I took the opportunity over the weekend to speak to officials to establish why that is the case, and there are three reasons. I have to say that none of them is good or very acceptable, because cost controls, as we know now with the benefit of hindsight, should have been in place right from the beginning of the scheme.
First, there was an understanding from the specialist report — the Cambridge Economic Policy Associates (CEPA) report — that the tariff set was lower than the cost of the fuel. That was the fundamental mistake, as I said in my statement. The suggested rate for biomass boilers below 100 kW was set initially at 4·5p per kilowatt-hour. At that rate, the consultants noted, there was no need for tiering, as, at the time, the proposed rate was less than the cost of wood pellets and therefore there was no incentive to use the boiler excessively just to claim the subsidy.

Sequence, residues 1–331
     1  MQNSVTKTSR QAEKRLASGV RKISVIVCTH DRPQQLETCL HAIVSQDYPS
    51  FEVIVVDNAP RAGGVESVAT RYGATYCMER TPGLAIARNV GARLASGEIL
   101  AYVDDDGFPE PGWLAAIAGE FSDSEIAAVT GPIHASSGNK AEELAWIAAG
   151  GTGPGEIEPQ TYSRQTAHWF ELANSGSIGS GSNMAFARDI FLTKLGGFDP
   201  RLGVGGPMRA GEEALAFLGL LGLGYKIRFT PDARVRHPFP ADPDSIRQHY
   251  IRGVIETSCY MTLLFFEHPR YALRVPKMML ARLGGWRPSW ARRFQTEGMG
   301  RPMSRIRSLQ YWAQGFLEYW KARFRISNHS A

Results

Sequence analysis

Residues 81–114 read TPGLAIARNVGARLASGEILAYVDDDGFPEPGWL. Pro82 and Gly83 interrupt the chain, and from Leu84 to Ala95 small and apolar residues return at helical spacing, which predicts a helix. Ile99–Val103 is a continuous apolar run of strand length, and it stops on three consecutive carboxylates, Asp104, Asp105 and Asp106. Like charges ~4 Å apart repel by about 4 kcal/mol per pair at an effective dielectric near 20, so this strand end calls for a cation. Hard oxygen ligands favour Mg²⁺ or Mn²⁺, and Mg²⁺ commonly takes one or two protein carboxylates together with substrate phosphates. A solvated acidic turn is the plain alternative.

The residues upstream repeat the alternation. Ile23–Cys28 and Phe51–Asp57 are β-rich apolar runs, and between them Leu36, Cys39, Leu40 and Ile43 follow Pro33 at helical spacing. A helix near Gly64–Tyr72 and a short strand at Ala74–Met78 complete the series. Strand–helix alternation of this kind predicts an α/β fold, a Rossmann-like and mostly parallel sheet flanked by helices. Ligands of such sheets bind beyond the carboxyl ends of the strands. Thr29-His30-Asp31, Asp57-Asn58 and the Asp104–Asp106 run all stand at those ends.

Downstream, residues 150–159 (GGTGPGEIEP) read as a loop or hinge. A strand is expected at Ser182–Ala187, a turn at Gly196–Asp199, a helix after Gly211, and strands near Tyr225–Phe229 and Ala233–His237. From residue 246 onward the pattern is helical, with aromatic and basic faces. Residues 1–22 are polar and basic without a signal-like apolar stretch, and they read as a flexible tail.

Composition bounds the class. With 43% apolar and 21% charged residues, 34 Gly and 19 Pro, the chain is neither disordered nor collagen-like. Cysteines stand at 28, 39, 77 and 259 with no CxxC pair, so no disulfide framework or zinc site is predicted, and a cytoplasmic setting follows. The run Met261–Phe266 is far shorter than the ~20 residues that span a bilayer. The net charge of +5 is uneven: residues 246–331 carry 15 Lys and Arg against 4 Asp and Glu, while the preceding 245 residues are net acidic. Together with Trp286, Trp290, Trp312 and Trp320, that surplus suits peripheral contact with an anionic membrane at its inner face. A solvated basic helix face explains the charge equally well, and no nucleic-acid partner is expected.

Secondly, there was not the level of demand for the Northern Ireland RHI in the first few years. In fact, the first application for the scheme was received in January 2013. Remember that the scheme opened in November 2012. Over the first four years, there was an underspend of approximately £15 million. Therefore, it was thought — incorrectly, as it turns out — that the need to introduce cost controls did not arise.
The third issue is around governance. The governance processes in the Department did not enforce compliance with commitments given when the scheme was approved, including careful review of tariffs and risks. Cost control was proposed back in the 2013 consultation paper but not acted on. There was no submission to me saying, "We think that you need to look at cost controls" or, "This has been raised as an issue". Nothing came to me on that matter.
The cost controls in Great Britain should of course have been replicated in the Northern Ireland scheme. I am giving you the reasons that were given to me as to why they were not replicated. They are not good enough, but they are the reasons that were given to me.